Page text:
space reasons. First, we examined a “pure” Carhart (1997) factor, constructed without intersecting with size effects.10 Second, we examined whether such a factor performed better in association with factors formed using the Al-Horani et al. (2003), Fletcher (2001), Fletcher and Kihanda (2005), and DNQ (2003) approaches to factor construction. Third, we investigated constructing the factor by inter – acting momentum and value (instead of size) portfolios. As none of these alternatives changed our reported results in any way, we do not report them here, but results are available from the authors on request.
11 Note that equally weighted versions are also available for download from our website.
Our next set of portfolios reported in Table 4 are the value-weighted 27 portfolios sequentiallysorted on size, BTM and momentum. In the table, the first letter denotes size (Small, S; Medium, M; Large, L), the second the BTM category (Low or “Glamour”, G; Medium, M; High, or “value”, V), and the third momentum (Low, L; Medium, M; High, H). Compared to (unreported) sorts based upon size and momentum, and to the summary factors reported in Table 1, the return patterns here are intriguing, as they suggest a much lower momentum effect when BTM is also controlled for. Indeed, within the “small value” set of firms, momentum effects are actually reversed. However, what is striking is that sequentially sorting, as opposed to forming intersecting portfolios, seems to substantially dampen down any momentum
effect. Sequential sorting (within any size category12) has the effect of ensuring each
sub-group has equal numbers of firms within it, whereas intersecting portfolios can have quite different numbers of firms within each portfolio. In practice, it emerges that different numbers of firms within sub-categories is only an issue within the smallest market capitalisation quintile, where there is a concentration of firms in the low momentum category. We note that 39% of all the smallest quintile stocks fall into this “low momentum” group.13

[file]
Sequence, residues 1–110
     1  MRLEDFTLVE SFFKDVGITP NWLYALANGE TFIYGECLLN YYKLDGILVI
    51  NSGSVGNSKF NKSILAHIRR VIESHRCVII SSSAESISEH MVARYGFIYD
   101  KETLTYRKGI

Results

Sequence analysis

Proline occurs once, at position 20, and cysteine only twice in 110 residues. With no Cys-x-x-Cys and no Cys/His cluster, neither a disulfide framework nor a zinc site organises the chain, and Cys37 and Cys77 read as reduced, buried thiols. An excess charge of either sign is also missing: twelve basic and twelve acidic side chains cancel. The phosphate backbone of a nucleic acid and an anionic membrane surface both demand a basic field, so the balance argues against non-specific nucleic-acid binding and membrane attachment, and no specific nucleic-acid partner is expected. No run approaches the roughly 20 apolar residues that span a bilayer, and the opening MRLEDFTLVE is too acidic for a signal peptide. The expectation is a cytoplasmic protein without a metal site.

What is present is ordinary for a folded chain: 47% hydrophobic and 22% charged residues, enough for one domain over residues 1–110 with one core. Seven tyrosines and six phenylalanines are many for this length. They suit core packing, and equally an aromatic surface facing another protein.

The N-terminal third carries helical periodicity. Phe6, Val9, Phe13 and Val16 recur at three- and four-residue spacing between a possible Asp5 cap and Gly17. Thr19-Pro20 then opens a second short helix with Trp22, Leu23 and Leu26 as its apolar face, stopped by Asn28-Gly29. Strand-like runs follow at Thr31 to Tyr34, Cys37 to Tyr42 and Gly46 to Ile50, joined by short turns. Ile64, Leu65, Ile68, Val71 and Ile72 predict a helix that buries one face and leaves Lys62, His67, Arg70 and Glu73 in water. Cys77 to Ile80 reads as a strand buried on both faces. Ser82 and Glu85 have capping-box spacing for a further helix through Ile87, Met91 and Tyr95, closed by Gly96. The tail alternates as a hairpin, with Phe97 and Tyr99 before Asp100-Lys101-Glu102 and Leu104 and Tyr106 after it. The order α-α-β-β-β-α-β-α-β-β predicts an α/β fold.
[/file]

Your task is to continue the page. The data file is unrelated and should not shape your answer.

Finally, we report the characteristics of the 25 portfolios formed on the basis of prior
12-month standard deviations in Table 5. These portfolios are interesting in several respects. First, past volatility seems to predict future volatility. As we progress from the low standard deviation (SD1) to high standard deviation (SD25) portfolios, standard deviations of the portfolio returns tend to increase. Whilst the effect is not monotonic, the SD25 portfolio has a standard deviation of over twice that of the SD1 portfolio. However, returns do not obviously increase with standard deviation – indeed the lowest mean return portfolio is SD25. Of course, this is not inconsistent with conventional portfolio theory provided that higher risk portfolios have an offsetting effect from lower correlations with other assets. There are no obvious patterns that emerge in either skewness or kurtosis across these portfolios.
Tests of factormodels
12 Recall that by design we form the size portfolios so that the largest two size groupings by market capitalisation have fewer firms than the smallest size groups.
13 Results for size and momentum portfolios are available on our website.
We now turn to the central theme of this paper, asset pricing tests of our models. These testing procedures are described in detail in Cochrane (2001, Ch.12). Essentially, our test is in two stages. In the first stage test, we regress the individual test portfolios on models (1) to (6) and test if the alphas are jointly zero using the Gibbons, Ross and Shanken (1989) or GRS test. More formally, we run time-series regressions as follows
Ritis the return on a test portfolio iin month t, Rftis the risk-free rate in month t, Ftis the vector of factors corresponding to the model that is being tested. A regression on each of the test portfolio iyields an intercept i. The GRS test is used to then test if these are jointly indistinguishable from zero.